The National Council of Investigation & Security Services (NCISS) remains committed to the consumer protection and professionalism through reasonable mandatory licensure or regulation. A background check and verified experience are minimum standards that address both of these issues. The current form of the bill does not address agency licensing and therefore NCISS cannot support it unless amended. As an association of investigative and security professionals with membership that includes many larger agencies with employees, NCISS recommends and would support agency licensing as provided for in the majority of those 44 states with licensing programs.

    The Executive Committee also felt that PPIAC has not done a sufficient job in reaching out to their members and non-members that would be affected by this bill to explain in detail the advantages and disadvantages, or pros and cons of this bill. Should there be no amendment then NCISS members could find themselves lobbying against this bill, and we felt PPIAC should probably also lobby to kill the bill. Remember, several of us have mentioned that no bill is better than a bad bill, and yes, this is a bad bill. It needs to be more inclusive and as written, could have a negative impact on several PPIAC and NCISS members.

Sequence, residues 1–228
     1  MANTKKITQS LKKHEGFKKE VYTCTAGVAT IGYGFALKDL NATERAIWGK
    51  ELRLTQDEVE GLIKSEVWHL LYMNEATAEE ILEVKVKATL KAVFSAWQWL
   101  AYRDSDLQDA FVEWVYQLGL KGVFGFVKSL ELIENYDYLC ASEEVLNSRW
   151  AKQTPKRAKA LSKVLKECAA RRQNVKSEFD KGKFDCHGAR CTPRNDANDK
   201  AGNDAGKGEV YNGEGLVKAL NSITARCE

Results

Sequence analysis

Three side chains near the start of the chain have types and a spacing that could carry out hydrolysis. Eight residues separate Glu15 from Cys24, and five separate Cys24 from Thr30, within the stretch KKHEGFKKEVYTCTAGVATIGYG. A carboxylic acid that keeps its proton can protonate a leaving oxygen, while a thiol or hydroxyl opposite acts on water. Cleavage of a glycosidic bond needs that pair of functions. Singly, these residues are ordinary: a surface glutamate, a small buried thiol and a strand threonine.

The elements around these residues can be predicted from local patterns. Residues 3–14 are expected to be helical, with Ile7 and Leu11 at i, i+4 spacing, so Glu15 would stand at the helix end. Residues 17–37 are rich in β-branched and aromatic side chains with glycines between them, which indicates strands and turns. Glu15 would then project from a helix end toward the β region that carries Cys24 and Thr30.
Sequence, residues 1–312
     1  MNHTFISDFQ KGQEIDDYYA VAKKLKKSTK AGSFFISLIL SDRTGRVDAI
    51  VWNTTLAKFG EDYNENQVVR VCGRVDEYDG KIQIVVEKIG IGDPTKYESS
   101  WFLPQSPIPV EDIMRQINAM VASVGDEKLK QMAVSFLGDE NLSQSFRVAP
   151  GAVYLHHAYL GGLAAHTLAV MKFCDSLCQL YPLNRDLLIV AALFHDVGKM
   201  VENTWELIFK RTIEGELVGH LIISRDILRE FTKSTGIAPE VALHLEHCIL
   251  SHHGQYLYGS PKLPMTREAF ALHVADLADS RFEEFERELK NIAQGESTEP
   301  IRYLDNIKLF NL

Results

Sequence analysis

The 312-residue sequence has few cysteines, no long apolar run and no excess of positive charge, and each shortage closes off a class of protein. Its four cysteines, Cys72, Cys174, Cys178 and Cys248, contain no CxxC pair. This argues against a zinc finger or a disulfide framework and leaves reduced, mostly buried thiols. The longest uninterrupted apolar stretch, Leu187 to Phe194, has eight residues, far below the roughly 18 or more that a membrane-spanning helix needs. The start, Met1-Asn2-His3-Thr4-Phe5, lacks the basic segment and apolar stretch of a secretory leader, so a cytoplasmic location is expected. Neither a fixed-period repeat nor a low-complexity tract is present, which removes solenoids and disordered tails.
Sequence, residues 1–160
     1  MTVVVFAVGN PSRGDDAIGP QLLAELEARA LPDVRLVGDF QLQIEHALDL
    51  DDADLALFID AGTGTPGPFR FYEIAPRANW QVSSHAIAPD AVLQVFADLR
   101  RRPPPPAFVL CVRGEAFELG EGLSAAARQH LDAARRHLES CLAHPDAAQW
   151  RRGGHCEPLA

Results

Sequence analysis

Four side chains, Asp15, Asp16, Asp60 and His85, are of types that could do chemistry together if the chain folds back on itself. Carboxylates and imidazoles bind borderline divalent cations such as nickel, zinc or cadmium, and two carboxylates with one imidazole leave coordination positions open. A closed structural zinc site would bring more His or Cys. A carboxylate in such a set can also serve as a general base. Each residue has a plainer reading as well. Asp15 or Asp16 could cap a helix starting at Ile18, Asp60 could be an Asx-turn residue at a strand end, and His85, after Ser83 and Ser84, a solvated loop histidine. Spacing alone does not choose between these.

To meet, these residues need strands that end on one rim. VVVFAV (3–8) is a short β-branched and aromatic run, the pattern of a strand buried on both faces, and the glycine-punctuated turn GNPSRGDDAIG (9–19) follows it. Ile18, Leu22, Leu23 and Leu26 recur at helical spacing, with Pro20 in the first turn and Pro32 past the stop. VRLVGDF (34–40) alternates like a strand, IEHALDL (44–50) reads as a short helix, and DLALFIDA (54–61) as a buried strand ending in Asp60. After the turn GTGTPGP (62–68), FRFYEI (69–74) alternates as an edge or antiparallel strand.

Also, long time CALI Legislation Chair Francie Koehler pointed out that CALI just sent a letter in support of this bill. However, she said CALI did not know what was in the bill or the flaws before sending out the letter. She felt that when this is explained to CALI President Michael Julian, they could withdraw their support, and we think they probably will.

    I don’t know what other organizations are being listed as supporters, but if they have not seen the entire bill and the agency aspect has not been discussed with them, I suspect they very well could withdraw their support as well.